To begin with, ‘P for plan’ can be expanded to ‘Preventive Pre-empted Plan’. This requires benchmarking HSE risk beforehand to come up with a safeguarding plan. This includes developing the HSE roadmap against the backdrop of the specific value chain in question. Additionally, risk mapping must also be done and priority areas must also be flagged during this stage itself. Next, ‘A for Act’ essentially means acting upon the roadmap laid down at the planning stage. The HSE-Value Chain-Risk mapping allows for a further detailing of the plan leading up to action items to undertake management of specific areas such as training, safety equipment, waste and emission management, compliance etc. Subsequent to the execution stage, comes ‘C for check’, the need to look for lapses in execution through monitoring and auditing. This stage will be meaningful only when unambiguous key performance indicators (KPIs) have been pre-defined. Finally, the top management must review and ‘evaluate’ the company’s HSE practice and the resulting effectiveness. It is the stage where strategic direction must be set with respect to a continuous action plan.

The most pertinent point that HSE professionals reading this article would make at this point is that HSE practices must take a back seat (in terms of scaling up) until oil & gas prices revive and overall pressure on margin is somewhat relieved. This is where the greatest chances of making a mistake exist. HSE practice must be a part of a company’s long term strategy not short term quick-fix plans resting on the fate of business cycles. It does not give tangible return but functions like an insurance scheme. It is the biggest risk minimizing tool. If we don’t pay premiums in terms of HSE investment, post-incident can cost the firm dearly.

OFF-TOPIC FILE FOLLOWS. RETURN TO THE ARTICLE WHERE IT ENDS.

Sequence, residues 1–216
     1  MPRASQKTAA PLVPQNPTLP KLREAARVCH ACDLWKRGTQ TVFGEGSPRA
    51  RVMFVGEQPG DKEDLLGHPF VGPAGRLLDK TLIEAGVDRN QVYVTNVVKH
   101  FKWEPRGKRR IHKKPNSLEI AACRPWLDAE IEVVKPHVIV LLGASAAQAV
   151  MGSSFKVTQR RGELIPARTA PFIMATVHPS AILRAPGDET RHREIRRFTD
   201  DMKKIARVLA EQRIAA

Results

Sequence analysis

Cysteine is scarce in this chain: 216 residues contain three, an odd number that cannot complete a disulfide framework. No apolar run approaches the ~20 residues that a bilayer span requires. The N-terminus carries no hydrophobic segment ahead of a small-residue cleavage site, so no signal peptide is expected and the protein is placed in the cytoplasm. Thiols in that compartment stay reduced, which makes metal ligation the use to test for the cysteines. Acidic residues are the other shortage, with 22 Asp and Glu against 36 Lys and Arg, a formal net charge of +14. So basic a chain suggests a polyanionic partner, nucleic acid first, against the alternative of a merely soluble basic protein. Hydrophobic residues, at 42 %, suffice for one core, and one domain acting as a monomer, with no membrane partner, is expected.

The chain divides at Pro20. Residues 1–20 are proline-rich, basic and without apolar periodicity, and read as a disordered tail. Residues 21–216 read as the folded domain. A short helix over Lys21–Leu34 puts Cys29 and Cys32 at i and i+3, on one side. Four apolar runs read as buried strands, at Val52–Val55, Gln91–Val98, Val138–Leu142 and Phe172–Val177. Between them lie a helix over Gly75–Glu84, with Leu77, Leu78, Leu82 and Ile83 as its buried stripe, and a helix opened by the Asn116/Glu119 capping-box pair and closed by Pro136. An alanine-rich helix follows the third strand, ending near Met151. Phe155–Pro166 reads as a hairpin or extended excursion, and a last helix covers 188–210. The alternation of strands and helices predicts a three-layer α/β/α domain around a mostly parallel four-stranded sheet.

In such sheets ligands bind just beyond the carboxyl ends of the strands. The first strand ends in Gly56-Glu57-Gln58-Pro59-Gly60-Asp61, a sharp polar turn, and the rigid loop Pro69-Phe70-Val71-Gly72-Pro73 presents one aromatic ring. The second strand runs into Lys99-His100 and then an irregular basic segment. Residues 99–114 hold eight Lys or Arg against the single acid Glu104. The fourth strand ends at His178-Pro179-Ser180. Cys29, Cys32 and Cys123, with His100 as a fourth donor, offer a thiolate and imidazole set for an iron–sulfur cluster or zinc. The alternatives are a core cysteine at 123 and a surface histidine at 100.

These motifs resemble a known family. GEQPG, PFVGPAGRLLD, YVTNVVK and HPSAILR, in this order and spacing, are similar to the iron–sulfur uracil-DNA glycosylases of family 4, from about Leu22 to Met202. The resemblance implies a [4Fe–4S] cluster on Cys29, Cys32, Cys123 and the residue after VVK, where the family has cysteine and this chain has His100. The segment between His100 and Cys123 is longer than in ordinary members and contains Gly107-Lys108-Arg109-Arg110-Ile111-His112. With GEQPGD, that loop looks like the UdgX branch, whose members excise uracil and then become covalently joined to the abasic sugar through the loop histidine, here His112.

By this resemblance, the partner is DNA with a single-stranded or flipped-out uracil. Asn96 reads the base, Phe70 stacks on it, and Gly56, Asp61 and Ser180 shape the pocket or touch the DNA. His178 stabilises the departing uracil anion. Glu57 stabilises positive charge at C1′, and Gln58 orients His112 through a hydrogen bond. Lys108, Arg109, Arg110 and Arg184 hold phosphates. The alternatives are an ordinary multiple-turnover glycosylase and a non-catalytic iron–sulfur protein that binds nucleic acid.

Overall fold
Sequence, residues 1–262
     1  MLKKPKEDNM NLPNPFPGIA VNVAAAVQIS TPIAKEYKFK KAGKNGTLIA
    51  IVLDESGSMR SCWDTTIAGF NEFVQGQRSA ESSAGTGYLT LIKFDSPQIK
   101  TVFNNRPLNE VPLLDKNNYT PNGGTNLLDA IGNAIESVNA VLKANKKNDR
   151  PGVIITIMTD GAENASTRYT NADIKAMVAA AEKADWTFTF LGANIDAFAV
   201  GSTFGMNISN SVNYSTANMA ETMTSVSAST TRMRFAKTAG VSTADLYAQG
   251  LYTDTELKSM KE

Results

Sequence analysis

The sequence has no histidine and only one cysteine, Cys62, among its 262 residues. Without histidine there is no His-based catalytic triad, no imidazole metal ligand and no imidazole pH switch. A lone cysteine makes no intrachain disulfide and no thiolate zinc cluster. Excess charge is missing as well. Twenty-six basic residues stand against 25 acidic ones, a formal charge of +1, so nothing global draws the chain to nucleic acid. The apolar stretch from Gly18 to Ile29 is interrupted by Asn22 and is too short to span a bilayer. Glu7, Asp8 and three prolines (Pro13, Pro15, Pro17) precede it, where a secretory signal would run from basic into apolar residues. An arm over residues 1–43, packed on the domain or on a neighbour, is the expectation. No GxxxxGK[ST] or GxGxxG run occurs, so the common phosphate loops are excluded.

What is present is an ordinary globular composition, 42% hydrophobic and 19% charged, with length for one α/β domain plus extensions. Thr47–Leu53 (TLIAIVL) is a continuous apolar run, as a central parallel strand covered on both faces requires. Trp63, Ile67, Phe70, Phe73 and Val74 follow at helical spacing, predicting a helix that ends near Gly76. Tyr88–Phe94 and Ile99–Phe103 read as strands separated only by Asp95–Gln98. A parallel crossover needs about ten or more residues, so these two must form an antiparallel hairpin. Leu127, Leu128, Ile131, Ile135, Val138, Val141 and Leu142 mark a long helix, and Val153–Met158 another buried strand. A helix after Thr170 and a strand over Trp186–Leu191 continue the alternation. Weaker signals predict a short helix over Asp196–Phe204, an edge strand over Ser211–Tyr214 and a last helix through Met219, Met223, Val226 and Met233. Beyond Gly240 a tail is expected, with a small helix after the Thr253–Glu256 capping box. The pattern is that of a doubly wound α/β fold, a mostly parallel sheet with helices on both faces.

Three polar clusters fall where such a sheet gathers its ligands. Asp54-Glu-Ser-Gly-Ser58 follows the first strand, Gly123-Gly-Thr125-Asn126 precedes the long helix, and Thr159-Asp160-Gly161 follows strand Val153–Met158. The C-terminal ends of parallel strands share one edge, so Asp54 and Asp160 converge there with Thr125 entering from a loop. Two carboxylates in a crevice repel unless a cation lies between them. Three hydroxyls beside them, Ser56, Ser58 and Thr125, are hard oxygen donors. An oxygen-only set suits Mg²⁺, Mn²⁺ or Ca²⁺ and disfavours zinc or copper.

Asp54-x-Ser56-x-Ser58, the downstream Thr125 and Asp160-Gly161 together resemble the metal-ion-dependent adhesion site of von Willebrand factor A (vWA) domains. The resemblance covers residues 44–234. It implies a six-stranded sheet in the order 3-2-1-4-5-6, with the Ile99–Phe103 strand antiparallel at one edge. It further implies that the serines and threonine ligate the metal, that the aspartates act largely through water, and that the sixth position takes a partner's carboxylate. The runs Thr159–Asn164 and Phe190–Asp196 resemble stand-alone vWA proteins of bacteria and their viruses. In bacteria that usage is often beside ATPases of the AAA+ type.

The implication of lackluster hydrocarbon should not result in stagnating or even scaling down HSE activities but managing the associate costs better. It is worth referring to a piece of study conducted by Accenture Consulting on improving energy sector operating costs. The analysis concluded that cost cutting efforts lead to only 5-10% cost savings whereas cost management may result in up to 30% cost savings.

As far as investment in HSE is concerned, taking into account some cost management points can go a long way in guarding the oil & gas company against occupation hazards, during the low price environment.  So the first step in effective cost management is for the company to improve its understanding of its costs and their drivers. Raise the approval level for expensive, non-recurrent costs, in order to encourage managers to spend sufficient time preparing a business-case justification before asking their superiors for approval.  Rely on tried and tested procurement strategies such as bulk and bundled procurement of PPE or safety equipments to save costs. Investing skilling and training can promise better RoI as compared to spending on sophisticated and expensive monitoring systems and dashboards. In no capacity, I intend to undermine the utility of sophisticated systems, however, we must evaluate marginal returns at the time of resource constraints.

Hence, whether in good times or bad times, one should not lose sight of the importance of HSE practice, particularly in the oil and gas sector, given the perilous nature of the industry. It is time that we go beyond treating HSE norms as just a part of corporate policy, but look at developing the practice into a culture which defines the corporate entity as much as its products and services do.